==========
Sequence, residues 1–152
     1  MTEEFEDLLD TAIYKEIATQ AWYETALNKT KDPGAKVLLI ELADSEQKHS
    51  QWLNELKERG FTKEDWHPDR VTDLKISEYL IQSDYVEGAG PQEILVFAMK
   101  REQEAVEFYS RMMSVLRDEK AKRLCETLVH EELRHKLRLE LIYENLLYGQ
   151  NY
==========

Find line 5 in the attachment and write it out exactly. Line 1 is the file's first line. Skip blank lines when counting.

   151  NY